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Libya: The Forgotten Reason North Korea Desperately Wants Nuclear Weapons

Ted Galen Carpenter

The United States and its allies continue to cajole and threaten
North Korea to negotiate an agreement that would relinquish its
growing nuclear and ballistic-missile programs. The latest verbal
prodding came from President Trump during his joint press
conference with South Korean president Moon Jae-in. Trump urged Pyongyang to “come to the
negotiating table,” and asserted that it “makes sense
for North Korea to do the right thing.” The “right
thing” Trump and his predecessors have always maintained, is
for North Korea to become nonnuclear.

It is unlikely that the DPRK will ever return to nuclear
virginity. Pyongyang has multiple reasons for retaining its nukes.
For a country with an economy roughly the size of Paraguay’s,
a bizarre political system that has no external appeal, and an
increasingly antiquated conventional military force, a
nuclear-weapons capability is the sole factor that provides
prestige and a seat at the table of international affairs. There is
one other crucial reason for the DPRK’s truculence, though.
North Korean leaders simply do not trust the United States to honor
any agreement that might be reached.

For a country with an
economy roughly the size of Paraguay’s, a bizarre political system
that has no external appeal, and an increasingly antiquated
conventional military force, a nuclear-weapons capability is the
sole factor that provides prestige and a seat at the table of
international affairs.

Unfortunately, there are ample reasons for such distrust. North
Korean leaders have witnessed how the United States treats
nonnuclear adversaries such as Serbia and Iraq. But it was the U.S.-led intervention in Libya in
2011 that underscored to Pyongyang why achieving and retaining a
nuclear-weapons capability might be the only reliable way to
prevent a regime-change war directed against the DPRK.

Partially in response to Washington’s war that ousted
Iraqi dictator Saddam Hussein in the spring of 2003, ostensibly
because of a threat posed by Baghdad’s “weapons of mass
destruction,” Libyan leader Muammar el-Qaddafi seemed to
capitulate regarding such matters. He signed the Nuclear
Nonproliferation Treaty in December of that year and agreed to
abandon his country’s embryonic nuclear program. In exchange,
the United States and its allies lifted economic sanctions and
pledged that they no longer sought to isolate Libya. Qaddafi was
welcomed back into the international community once he relinquished
his nuclear ambitions.

That reconciliation lasted less than a decade. When one of the
periodic domestic revolts against Qaddafi’s rule erupted
again in 2011, Washington and its NATO partners argued that a
humanitarian catastrophe was imminent (despite meager evidence of that scenario), and
initiated a military intervention. It soon became apparent that the
official justification to protect innocent civilians was a cynical
pretext, and that another regime-change war was underway. The
Western powers launched devastating air strikes and cruise-missile
attacks against Libyan government forces. NATO also armed rebel
units and assisted the insurgency in other ways.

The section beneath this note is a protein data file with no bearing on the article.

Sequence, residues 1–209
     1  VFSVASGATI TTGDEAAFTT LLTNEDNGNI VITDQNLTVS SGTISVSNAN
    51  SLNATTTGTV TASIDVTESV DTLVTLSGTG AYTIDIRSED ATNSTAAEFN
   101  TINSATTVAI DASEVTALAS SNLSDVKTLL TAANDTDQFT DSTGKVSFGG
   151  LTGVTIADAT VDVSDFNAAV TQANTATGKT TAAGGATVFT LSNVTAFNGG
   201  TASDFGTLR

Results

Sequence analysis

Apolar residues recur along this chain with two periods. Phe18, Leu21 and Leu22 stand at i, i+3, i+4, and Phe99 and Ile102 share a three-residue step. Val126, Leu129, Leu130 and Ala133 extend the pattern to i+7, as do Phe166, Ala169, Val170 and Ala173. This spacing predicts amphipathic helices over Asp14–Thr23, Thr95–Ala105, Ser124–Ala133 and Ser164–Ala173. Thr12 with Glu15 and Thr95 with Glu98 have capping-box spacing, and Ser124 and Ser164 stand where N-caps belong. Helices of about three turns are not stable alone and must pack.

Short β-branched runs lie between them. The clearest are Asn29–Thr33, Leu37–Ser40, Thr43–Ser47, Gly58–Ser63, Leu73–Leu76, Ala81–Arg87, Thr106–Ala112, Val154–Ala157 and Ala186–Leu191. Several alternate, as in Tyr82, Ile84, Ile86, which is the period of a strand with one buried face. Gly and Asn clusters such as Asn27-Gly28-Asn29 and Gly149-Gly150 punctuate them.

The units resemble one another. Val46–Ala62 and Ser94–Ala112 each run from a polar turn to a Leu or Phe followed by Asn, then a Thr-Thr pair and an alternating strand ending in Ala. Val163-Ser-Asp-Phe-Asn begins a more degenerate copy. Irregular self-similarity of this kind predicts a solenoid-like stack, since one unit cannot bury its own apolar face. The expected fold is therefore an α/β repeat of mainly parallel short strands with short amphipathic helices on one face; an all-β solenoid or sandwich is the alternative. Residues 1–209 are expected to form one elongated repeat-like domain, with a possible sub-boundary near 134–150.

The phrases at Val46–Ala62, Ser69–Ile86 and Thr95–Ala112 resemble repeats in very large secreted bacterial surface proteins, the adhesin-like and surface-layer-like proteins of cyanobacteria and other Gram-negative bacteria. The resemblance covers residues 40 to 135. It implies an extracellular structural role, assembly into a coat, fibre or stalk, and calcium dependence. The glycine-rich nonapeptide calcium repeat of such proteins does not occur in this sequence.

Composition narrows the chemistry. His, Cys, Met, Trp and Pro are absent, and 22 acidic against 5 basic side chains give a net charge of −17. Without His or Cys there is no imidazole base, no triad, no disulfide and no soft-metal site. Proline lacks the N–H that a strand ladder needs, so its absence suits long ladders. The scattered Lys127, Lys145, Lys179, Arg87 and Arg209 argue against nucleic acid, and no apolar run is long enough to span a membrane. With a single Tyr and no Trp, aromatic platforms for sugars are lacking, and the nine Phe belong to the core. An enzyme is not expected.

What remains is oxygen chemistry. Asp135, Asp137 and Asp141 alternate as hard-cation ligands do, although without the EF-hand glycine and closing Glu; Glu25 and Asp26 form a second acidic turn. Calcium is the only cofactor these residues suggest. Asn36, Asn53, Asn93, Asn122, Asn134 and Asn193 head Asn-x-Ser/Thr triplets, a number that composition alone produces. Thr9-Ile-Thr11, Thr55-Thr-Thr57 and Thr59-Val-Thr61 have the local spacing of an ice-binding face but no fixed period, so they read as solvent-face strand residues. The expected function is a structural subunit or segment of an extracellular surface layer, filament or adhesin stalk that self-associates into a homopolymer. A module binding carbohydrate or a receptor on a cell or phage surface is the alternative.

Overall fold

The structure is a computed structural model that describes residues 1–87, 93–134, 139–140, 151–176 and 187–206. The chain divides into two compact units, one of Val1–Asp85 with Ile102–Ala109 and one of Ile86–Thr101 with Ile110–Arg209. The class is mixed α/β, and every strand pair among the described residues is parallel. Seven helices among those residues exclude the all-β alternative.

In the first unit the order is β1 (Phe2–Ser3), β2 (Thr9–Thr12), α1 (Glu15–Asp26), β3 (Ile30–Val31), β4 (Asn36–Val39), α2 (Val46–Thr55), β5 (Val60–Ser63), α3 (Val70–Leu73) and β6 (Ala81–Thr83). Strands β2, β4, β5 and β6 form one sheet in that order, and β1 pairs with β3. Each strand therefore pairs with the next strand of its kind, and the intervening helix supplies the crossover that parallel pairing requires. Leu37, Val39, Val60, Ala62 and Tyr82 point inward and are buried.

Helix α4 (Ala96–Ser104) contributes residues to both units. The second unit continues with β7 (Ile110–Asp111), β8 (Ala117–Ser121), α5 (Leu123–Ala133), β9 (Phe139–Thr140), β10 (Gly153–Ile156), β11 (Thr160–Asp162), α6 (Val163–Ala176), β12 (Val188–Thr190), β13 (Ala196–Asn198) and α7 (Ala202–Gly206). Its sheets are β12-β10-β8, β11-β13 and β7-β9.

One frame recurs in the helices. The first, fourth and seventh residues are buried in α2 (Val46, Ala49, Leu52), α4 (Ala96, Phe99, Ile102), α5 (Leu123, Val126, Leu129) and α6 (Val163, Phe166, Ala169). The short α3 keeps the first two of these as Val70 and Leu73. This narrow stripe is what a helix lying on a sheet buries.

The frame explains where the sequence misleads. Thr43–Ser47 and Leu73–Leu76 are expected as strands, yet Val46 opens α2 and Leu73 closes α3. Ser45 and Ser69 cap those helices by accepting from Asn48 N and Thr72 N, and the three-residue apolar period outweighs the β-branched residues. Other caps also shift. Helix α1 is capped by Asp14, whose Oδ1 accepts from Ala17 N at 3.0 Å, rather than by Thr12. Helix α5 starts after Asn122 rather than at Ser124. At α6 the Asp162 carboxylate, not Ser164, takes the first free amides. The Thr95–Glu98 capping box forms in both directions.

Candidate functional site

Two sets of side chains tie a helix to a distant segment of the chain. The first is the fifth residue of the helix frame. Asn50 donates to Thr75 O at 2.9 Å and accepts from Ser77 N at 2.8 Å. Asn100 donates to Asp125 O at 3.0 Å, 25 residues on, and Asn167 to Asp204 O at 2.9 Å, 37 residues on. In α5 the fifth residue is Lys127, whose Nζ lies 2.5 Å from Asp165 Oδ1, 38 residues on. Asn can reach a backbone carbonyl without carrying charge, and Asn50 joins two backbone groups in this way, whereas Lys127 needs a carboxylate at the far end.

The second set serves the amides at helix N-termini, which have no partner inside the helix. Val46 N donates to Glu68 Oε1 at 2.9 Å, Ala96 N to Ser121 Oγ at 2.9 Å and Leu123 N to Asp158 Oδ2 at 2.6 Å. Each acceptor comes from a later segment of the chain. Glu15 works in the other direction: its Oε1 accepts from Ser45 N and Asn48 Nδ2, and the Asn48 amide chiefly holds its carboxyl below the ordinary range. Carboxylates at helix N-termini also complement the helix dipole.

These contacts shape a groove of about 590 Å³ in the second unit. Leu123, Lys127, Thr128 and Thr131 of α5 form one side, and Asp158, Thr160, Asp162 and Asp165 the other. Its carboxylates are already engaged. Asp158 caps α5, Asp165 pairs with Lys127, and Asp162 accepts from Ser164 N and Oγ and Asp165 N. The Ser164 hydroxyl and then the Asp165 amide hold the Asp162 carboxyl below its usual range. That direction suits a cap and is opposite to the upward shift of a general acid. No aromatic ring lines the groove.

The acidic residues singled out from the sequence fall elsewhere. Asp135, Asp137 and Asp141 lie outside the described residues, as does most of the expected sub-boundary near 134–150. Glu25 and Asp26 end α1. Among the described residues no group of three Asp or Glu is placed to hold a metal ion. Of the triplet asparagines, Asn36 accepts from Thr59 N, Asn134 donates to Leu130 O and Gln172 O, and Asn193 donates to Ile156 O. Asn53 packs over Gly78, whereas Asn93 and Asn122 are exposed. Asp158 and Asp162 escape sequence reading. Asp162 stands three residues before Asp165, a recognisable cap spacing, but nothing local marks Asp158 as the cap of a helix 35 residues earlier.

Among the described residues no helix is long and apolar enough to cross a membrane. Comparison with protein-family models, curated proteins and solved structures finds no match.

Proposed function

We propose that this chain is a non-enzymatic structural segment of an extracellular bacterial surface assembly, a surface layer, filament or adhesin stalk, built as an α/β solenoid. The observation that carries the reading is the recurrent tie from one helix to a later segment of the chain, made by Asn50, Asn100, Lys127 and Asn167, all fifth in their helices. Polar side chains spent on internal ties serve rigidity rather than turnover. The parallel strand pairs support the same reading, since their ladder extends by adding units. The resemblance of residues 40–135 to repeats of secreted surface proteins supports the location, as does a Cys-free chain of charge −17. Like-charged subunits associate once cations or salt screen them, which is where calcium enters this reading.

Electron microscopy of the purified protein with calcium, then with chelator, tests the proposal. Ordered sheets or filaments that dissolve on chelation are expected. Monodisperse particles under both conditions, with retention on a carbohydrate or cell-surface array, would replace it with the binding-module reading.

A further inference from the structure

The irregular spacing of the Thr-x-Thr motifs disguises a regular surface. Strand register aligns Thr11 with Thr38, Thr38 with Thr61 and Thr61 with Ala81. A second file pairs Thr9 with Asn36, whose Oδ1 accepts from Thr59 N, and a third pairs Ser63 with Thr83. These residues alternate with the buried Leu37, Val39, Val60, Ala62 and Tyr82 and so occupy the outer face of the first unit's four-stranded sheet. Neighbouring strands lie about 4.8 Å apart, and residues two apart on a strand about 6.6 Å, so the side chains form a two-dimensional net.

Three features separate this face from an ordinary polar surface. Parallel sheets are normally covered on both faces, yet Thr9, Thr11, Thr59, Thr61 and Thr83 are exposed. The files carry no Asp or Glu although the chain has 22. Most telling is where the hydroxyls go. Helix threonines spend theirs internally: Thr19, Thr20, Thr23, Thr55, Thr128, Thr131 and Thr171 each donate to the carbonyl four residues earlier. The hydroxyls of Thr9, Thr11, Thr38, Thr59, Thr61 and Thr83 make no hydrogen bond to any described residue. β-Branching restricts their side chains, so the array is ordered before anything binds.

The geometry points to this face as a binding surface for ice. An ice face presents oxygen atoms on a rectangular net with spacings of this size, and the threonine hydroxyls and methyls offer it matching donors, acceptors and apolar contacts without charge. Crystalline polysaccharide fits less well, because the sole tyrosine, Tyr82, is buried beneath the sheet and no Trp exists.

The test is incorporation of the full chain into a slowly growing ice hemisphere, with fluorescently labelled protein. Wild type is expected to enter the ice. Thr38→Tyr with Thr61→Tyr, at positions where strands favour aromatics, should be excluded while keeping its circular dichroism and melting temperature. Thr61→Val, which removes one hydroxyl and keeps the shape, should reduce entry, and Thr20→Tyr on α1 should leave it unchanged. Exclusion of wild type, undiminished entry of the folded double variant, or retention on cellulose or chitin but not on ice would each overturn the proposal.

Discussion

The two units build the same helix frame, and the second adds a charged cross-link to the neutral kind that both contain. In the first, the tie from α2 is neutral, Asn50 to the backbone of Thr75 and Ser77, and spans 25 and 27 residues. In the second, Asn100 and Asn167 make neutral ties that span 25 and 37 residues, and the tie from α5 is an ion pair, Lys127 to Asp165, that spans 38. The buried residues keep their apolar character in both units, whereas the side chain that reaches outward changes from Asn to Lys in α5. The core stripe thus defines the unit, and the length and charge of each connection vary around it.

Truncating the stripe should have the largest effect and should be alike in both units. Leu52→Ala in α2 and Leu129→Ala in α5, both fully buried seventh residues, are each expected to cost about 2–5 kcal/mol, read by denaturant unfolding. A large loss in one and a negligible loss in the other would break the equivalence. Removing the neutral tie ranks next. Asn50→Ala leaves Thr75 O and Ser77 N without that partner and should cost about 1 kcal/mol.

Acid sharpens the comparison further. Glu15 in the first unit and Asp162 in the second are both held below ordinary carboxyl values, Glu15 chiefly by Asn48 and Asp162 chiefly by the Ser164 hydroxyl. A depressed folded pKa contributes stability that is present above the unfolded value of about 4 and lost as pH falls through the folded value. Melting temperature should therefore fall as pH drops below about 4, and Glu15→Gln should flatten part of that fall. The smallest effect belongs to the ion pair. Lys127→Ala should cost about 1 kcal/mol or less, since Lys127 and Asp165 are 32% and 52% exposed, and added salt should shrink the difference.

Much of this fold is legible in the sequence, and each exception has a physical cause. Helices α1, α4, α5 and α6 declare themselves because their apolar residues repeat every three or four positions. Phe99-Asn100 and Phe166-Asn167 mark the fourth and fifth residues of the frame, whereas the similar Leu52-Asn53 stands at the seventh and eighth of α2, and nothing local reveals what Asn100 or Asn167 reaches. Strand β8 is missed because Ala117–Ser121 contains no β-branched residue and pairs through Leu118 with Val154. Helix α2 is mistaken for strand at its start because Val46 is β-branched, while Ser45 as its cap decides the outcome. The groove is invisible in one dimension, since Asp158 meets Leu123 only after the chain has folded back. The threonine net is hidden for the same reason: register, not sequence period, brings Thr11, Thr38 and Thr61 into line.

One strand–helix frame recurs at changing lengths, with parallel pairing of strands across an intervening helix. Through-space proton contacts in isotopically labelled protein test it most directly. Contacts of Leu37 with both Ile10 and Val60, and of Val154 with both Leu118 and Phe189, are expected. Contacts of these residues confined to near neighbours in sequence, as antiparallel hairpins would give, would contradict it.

Although all previous revolts had fizzled, extensive Western
military involvement produced a very different result this time.
The insurgents not only overthrew Qaddafi, they captured, tortured
and executed him in an especially grisly fashion.
Washington’s response was astonishingly flippant. Secretary
of State Hillary Clinton quipped: “We came, we saw, he
died.”

The behavior of Washington and its allies in Libya certainly did
not give any incentive to North Korea or other would-be nuclear
powers to abandon such ambitions in exchange for U.S. paper promises for normal relations. Indeed,
North Korea promptly cited the Libya episode as a reason why it
needed a deterrent capability—a point that Pyongyang has
reiterated several times in the years since Muammar el-Qaddafi
ouster. There is little doubt that the West’s betrayal of
Qaddafi has made an agreement with the DPRK to denuclearize
even less attainable than it might have been otherwise. Even some U.S. officials concede that the Libya
episode convinced North Korean leaders that nuclear weapons were
necessary for regime survival.

The foundation for successful diplomacy is a country’s
reputation for credibility and reliability. U.S. leaders fret that
autocratic regimes—such as those in Iran and North
Korea—might well violate agreements they sign. There are
legitimate reasons for wariness, although in Iran’s case, the
government appears to be complying with its obligations under the Joint
Comprehensive Plan of Action that Tehran signed with the United
States and other major powers in 2015—despite allegations
from U.S. hawks about violations.

When it comes to problems with credibility, though, U.S. leaders
also need to look in the mirror. Washington’s conduct in Libya was
a case of brazen duplicity. It is hardly a surprise if North Korea
(or other countries) now regard the United States as an
untrustworthy negotiating partner. Because of Pyongyang’s other
reasons for wanting a nuclear capability, a denuclearization accord
was always a long shot. But U.S. actions in Libya reduced prospects
to the vanishing point. American leaders have only themselves to
blame for that situation.

Ted Galen
Carpenter
, a senior fellow in defense and foreign-policy
studies at the Cato Institute and a contributing editor at the
National Interest, is the author or coauthor of ten books,
including
The
Korean Conundrum: America’s Troubled Relations with North and South
Korea